Low Frequency Fire Alarm for the Hard of Hearing
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Play it, Sam






This is what we mean by high and low frequencies. Turn the volume up, play the notes and hear the difference. Turn the volume up and down to experiment with it. Ask a friend that you know has good hearing to describe what the notes sound like to him or her.

The lower-pitched C5 “rings” for about four seconds before fading to silence. The higher-pitched G7 fades faster, but if your high-frequency hearing is good it will still ring for about one second before fading to silence.

The HLAC fire alarm at 520 Hz has a sound with a dominant frequency near C5 on a piano. A common smoke alarm (3200 Hz) has a much higher-pitched sound with a single “pure” peak near G7 on a piano.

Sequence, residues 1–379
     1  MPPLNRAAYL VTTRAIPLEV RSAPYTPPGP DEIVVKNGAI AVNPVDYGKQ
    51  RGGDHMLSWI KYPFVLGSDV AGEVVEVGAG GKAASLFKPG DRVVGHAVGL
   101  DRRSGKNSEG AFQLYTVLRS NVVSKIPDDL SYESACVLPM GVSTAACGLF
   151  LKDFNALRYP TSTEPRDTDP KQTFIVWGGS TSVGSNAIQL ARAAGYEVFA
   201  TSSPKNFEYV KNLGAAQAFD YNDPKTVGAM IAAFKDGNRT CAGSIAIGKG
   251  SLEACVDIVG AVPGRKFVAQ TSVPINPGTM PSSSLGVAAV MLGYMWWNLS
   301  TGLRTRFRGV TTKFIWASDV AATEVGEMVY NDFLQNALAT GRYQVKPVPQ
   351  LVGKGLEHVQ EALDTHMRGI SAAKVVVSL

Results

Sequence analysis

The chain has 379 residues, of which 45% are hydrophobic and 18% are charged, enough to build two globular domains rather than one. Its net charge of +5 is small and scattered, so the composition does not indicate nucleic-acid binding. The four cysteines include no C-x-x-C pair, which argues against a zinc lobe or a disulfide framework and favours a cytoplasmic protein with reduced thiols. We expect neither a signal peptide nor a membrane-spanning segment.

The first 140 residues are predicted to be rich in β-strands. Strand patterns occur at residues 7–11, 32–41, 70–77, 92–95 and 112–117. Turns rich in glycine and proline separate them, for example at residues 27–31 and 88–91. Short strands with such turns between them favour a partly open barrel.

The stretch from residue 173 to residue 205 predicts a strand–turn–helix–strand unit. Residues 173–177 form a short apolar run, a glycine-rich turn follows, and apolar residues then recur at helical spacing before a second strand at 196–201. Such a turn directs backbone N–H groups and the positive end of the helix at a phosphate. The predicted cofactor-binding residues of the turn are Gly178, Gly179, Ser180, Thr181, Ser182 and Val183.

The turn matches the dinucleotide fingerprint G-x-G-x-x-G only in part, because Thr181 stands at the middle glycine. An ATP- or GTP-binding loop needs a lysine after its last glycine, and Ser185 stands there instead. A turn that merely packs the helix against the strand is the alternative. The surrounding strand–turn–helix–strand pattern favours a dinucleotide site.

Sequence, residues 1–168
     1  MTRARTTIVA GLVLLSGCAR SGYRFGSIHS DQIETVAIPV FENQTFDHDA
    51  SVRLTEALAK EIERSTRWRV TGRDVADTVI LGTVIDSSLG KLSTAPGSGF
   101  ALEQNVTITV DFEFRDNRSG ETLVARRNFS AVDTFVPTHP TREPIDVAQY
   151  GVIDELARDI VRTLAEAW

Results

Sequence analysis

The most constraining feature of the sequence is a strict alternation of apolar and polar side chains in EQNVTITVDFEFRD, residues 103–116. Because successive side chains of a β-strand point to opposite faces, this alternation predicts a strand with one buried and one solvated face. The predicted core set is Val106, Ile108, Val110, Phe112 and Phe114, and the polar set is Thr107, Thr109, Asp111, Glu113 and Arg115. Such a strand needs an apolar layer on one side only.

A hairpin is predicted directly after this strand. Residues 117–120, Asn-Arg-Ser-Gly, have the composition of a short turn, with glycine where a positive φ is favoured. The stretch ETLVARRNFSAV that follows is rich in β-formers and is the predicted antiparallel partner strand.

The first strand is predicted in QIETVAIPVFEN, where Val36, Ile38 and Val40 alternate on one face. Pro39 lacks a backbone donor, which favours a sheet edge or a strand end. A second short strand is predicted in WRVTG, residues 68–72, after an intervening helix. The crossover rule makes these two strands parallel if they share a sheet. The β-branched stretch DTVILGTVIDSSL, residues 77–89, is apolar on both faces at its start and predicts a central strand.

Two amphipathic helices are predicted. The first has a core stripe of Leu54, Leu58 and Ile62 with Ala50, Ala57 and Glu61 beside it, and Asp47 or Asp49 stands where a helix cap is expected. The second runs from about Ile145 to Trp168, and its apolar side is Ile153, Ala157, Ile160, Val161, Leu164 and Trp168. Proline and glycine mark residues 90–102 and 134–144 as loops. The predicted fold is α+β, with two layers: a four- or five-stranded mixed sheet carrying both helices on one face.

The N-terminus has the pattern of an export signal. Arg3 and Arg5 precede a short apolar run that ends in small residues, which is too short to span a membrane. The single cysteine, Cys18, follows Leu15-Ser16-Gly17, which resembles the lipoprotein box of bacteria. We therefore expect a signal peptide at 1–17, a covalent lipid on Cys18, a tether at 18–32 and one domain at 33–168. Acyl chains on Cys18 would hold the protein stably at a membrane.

The HLAC fire alarm is pitched where our hearing is at its best. But the typical high-pitched smoke alarm is right where normal age-related hearing loss is.

If the G7 sounds to you like a high-pitched “tink” or “whack” without ringing or musical timbre, your high frequency hearing may be compromised. You really should consider the Lifetone HLAC, and possibly seeing an audiologist.    (Try this free hearing test if you like)

Please think about it:   What you can hear or detect when you are awake and listening for it will not necessarily wake you up from a sound sleep.
Compare the sounds of a smoke alarm and the HLAC fire alarm